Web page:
90 second statement – Canberra Airport: Freedom of the Media
Mr PITT: Yesterday was pollie Sunday, as it’s known colloquially amongst those of us who travel a lot. Arrive at Canberra Airport—check. Down the escalator—check. Temperature falling—check. Press gallery on the floor—check. I wandered past that erstwhile reporter Nicole Hegarty, formerly from ABC Wide Bay. An interview for the member for Hinkler? No. ‘That’s interesting.’ Member for Bonner? No interview. Member for Flynn? No interview. Member for Capricornia? No interview. Member for Wright? No interview. Member for Dawson? No interview. Who wouldn’t want to interview the member for Dawson?
While waiting for luggage, I continued to watch closely, and no interviews from our ABC. I thought I’d better check to see what was going on. Ms Hegarty informs me that, in a relatively recent change at the Canberra Airport, they must have one hour’s notice from anyone that intends to go there to do media, interviews and show up with cameras. This is not a new event. People have been flying into Canberra airport for sittings for quite some time, and we expect that there will be someone from the gallery there to hold the government and the opposition to account and talk about their policies.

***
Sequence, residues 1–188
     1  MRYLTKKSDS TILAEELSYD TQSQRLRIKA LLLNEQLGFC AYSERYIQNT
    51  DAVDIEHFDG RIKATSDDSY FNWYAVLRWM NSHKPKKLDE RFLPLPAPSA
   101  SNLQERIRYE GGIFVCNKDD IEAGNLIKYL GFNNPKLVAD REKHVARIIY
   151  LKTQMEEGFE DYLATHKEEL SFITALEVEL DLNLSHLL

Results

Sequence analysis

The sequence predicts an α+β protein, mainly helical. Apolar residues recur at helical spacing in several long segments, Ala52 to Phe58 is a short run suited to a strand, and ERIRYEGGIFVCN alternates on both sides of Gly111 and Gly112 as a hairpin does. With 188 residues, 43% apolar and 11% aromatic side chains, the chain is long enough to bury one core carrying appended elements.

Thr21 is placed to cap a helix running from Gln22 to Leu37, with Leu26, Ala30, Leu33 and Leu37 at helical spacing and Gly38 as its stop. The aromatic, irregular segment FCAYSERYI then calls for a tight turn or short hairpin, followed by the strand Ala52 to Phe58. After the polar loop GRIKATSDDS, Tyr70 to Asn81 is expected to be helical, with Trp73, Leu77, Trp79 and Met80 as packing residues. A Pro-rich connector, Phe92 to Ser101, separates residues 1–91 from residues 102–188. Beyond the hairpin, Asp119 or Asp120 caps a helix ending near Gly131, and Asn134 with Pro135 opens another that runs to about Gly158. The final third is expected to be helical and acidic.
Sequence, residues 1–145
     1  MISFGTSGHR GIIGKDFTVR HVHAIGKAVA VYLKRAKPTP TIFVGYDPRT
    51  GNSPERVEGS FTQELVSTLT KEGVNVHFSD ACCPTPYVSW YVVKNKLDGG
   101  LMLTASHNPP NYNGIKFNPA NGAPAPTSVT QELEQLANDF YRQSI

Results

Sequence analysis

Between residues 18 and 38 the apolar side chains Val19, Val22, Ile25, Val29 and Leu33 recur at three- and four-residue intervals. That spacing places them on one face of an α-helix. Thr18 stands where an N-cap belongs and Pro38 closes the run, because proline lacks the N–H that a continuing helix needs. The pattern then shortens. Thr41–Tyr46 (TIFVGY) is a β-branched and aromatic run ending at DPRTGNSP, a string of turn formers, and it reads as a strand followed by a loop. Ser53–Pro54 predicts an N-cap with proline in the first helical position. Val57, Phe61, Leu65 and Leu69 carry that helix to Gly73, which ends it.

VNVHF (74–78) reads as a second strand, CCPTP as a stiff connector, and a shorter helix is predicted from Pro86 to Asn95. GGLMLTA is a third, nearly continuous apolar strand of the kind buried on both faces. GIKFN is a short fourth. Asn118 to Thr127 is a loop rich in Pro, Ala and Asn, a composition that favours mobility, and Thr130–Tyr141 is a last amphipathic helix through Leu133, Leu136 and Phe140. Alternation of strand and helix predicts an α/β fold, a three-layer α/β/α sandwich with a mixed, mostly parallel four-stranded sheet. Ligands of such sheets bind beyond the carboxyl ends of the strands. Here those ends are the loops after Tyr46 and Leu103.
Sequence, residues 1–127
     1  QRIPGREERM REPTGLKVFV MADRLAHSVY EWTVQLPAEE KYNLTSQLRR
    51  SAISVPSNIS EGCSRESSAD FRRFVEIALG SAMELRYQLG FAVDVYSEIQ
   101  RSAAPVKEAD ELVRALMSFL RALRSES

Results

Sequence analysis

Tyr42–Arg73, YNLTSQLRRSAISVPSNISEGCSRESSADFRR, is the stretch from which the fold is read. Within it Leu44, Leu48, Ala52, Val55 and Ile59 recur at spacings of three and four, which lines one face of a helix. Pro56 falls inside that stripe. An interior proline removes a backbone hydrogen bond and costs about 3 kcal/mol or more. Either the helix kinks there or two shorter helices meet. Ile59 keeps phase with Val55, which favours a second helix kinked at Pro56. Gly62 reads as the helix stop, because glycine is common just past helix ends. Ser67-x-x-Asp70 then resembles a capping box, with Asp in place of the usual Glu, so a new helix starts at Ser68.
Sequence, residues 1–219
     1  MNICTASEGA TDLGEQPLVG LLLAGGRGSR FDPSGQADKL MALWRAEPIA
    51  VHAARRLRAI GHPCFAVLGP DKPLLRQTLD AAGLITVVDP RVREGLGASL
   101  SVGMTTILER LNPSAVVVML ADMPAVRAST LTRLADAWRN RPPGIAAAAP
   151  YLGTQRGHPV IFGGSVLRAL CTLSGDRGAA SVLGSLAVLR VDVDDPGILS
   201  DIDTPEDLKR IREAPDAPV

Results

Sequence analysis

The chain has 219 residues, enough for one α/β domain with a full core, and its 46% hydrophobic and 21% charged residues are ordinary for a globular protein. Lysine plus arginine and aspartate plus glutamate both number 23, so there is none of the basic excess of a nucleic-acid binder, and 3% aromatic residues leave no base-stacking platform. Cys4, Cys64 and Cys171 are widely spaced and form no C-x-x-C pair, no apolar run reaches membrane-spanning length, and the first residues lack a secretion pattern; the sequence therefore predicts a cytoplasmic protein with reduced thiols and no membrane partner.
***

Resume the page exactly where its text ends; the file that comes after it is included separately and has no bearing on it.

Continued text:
I say to Canberra airport: don’t forget what’s in the Australian Citizenship booklet on freedom of speech and freedom of expression. People can criticise the government. I encourage it! Protest peacefully against government decisions. The idea that you will stop the media because you simply don’t respond to their inquiries is outrageous. If you’re worried about safety, set up something. This is something that happens every Sunday. It’s an important part of our democracy and it should be continued.